When I was 18 years old, I was named the youth pastor of a small church that I had been attending. My pastor at the time spoke with my mom before offering me the position and after speaking with my mom about it, I accepted. It was a great opportunity and I was extremely grateful that the leaders of the church saw something in me that I didn’t see in myself. I was a leader.
Although I was seen as a leader, it wasn’t until I was put into that position where some character issues started coming up. I treated friends, best friends at that, like I was better than them. I acted like I knew everything because of a title. I was arrogant, selfish, and worst of all a pretender (Fake it till you make it, am I right?).
Have you ever noticed that any bit of power to an internally flawed person sometimes convinces them that they are what they’re not?
Well, I might be putting too much pressure on an 18-year-old kid who didn’t even know where he wanted to go to college. Nonetheless, my outlook on leadership was deeply flawed and I am thankful for the many opportunities that I have had to serve in leadership roles, but I am even more grateful for the hard lessons I have learned through my shortcomings and the grace of others. Despite myself, but mostly by the grace of God, I have been blessed to find myself in positions of influence and responsibility. Thankfully, I am not that 18-year-old kid anymore, but admittedly I’m not that far off.
Ego can’t be bigger than the calling
A friend reminded me of something I shared a few years ago that struck a chord with me recently, “Your ego can’t be bigger than your calling.” Often times, people’s attempt of being humble will go a couple ways: self-deprecation or false humility. I would like to pose that neither are true humility. The first is insecurity and the second is arrogance. Trust me, you’re not fooling anybody with either. There is much more for you and those in your sphere of influence as you serve others from your authentic self (I am tempted to go off on a tangent about the “authentic self,” but I will save it for another post).
Character IS important
Like I mentioned earlier, I was a leader flawed in character and driven by my own desires to succeed, operating out of insecurity and fear. Sadly, there are so many guys in this same boat and have no idea. What has been a drastic change in my life has been my acknowledgement that I am flawed and that’s ok. God has surrounded me with amazing friends that have seen through the facades that I have created in order to impress, dazzle, and attract attention. Once I stopped pretending, I was able to be myself and ask real honest questions of God and of myself about the kind of person (and leader) that I want to be. That is the place where character is continuously developed and authentic self is found (At least, I think. I’m 25, what do I know?).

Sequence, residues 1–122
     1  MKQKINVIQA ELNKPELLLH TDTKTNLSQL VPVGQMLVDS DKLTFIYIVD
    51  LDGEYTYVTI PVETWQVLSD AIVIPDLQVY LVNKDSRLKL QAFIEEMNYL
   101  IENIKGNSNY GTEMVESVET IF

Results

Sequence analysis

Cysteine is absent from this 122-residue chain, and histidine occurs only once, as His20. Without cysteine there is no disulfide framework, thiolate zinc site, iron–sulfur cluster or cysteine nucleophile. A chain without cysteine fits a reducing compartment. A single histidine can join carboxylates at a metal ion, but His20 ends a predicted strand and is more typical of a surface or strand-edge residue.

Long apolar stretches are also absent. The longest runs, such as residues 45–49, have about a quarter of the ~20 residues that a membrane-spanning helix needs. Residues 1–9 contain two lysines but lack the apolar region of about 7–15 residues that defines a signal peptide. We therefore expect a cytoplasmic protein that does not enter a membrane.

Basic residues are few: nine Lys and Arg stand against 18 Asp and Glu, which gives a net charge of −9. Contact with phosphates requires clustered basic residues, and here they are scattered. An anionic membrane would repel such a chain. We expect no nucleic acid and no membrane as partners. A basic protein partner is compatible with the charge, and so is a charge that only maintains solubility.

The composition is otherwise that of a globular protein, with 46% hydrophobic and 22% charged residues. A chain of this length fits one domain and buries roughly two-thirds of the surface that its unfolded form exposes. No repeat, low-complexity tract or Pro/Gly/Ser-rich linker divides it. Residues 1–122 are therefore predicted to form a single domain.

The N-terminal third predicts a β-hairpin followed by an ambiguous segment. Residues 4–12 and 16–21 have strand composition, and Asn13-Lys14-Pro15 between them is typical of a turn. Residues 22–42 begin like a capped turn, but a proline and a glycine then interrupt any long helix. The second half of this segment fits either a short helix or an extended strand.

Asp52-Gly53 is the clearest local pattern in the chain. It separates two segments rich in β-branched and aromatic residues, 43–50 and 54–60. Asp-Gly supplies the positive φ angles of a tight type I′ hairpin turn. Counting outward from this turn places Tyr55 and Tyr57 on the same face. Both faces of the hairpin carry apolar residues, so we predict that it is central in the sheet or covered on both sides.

Character is absolutely everything. Seventy years from now, you can have a ton of stuff, have a bunch of accomplishments under your belt, and get your name recognized for the things you’ve done (which would be cool). But what if you have absolutely zero impact on a relational level to those around you? Imagine the legacy that you leave boils down to “that one thing you did that one time?” That literally gives me anxiety! I don’t want my time on earth spent being known as a great writer or a great public speaker (which would be dope, don’t get me wrong). But I do want to be known by the way I loved and cared for others relentlessly, and I want to see what that does for the world.
I want to give you guys a little homework. Read Romans 12, but pay attention to verses 9 through 21. Paul writes beautifully on what it means to love selflessly and do well to others. I challenge you all to think deeply about who you want to be and invite God into the process of that.
The journey is hard y’all but I am praying for grace, wisdom, and especially courage to do life differently. I hope you join me in rethinking what your leadership will be.
Jonathan grew up in Chula Vista, California up until he was 15 years old. He then moved to a small town in the High Desert called Barstow where he spent his high school years. He graduated with a degree in History/Political Science from Vanguard University in 2014. He is currently working as a Resident Coordinator at Vanguard, while he is completing his Master's degree in Organizational Psychology.